Each of these leads the respondents in a particular direction, which may or may not correspond with their own thoughts. Moreover, they are expected to express an opinion; very few people would insist on a response such as 'none of these'. Under these conditions, merely to report that X per cent of our sample stated that, say, landlords have too much power, would be grossly misleading unless the other alternatives offered to the respondents were also reported. O n the other hand, the fact that we are directing the respondents'thoughts does not of itself make the question invalid or worthless. We may be particularly interested in comparing hostility toward landlords with hostility toward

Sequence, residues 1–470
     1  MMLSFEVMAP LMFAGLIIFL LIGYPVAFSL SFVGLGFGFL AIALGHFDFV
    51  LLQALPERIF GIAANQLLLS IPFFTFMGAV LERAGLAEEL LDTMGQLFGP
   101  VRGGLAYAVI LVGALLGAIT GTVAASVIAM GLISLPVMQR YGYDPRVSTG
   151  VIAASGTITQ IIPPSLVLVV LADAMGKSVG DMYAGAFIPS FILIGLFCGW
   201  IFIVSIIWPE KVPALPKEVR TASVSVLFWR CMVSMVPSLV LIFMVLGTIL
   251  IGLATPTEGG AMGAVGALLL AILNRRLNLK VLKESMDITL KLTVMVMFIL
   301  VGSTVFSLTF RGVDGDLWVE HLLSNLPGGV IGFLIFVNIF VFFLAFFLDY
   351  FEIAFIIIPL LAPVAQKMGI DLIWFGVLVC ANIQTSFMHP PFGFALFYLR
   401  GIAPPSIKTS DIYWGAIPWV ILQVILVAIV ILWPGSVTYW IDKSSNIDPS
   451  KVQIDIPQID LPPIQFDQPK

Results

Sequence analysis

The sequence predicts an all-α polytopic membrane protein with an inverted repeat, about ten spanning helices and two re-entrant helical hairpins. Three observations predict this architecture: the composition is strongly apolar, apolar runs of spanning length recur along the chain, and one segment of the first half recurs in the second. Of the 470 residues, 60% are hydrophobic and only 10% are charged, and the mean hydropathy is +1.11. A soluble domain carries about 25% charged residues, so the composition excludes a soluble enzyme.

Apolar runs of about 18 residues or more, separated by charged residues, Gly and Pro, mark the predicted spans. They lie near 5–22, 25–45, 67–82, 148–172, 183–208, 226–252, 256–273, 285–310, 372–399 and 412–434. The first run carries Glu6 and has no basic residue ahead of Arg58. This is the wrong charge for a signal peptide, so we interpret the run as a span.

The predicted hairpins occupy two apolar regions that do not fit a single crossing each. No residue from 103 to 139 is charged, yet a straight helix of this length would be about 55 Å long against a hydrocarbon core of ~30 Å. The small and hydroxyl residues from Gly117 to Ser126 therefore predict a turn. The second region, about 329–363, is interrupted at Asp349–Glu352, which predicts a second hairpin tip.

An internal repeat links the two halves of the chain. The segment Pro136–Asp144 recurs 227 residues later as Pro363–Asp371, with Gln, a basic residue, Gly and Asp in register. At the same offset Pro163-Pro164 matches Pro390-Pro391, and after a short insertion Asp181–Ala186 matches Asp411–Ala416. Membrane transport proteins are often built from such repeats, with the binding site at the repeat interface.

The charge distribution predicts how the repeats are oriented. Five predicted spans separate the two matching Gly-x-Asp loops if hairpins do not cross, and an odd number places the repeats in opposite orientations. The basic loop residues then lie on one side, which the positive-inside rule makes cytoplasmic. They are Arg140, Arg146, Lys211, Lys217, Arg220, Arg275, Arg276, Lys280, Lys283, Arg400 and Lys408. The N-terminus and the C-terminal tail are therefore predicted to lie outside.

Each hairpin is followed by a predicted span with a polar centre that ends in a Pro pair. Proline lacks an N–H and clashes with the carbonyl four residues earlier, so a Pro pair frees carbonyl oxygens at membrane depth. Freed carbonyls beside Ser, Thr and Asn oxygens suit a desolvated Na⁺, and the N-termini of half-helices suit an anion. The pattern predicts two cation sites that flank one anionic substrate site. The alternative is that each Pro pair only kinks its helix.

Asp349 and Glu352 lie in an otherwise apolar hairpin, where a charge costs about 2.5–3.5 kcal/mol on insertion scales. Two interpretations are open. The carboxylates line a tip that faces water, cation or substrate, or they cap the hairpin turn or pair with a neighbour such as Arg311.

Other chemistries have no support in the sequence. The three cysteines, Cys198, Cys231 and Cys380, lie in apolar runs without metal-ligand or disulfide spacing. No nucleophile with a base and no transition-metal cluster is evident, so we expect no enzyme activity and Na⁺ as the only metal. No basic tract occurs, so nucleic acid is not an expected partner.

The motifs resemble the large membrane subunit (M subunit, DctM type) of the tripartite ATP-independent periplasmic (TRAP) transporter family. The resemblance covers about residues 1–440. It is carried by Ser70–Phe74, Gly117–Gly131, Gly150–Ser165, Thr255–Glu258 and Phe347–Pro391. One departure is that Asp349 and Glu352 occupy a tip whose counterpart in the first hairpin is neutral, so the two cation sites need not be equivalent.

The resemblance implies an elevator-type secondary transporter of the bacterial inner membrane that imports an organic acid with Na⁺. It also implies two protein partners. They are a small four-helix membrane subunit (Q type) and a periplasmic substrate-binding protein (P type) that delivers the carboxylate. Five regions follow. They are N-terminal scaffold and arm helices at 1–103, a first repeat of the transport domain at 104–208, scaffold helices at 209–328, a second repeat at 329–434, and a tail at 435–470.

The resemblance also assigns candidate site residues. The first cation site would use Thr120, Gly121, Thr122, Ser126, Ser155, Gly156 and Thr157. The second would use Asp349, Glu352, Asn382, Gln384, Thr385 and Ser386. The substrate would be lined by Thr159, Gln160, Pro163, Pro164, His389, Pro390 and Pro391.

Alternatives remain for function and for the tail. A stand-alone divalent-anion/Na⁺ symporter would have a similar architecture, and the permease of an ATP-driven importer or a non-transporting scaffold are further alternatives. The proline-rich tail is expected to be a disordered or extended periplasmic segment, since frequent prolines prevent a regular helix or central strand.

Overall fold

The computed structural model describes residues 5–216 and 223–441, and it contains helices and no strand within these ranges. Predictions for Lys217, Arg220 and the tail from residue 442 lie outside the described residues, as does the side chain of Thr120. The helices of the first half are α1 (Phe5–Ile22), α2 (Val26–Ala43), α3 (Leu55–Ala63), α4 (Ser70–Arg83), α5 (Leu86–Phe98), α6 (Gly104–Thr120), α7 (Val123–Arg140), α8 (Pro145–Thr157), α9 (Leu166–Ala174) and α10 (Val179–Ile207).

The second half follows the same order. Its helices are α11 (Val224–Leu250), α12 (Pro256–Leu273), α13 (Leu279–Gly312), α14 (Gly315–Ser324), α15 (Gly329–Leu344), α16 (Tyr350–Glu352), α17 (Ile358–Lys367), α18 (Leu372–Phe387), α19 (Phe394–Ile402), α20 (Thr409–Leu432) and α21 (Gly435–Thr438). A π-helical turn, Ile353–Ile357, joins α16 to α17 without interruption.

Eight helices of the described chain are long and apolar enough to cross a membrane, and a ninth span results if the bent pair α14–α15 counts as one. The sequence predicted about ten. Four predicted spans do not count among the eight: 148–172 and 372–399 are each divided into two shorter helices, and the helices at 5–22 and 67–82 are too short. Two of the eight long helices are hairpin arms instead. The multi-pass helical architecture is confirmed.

114 Questionnaire Design, Interviewing and Attitude Measurement

Questionnaire planning 115 publications. (Diary techniques (see Chapter 13) may give the most valid and precise estimates, but they cause some respondents to engage in duty viewing or duty reading.) It is clear, therefore, that caution must be exercised when we compare prompted results with those of free-response questions.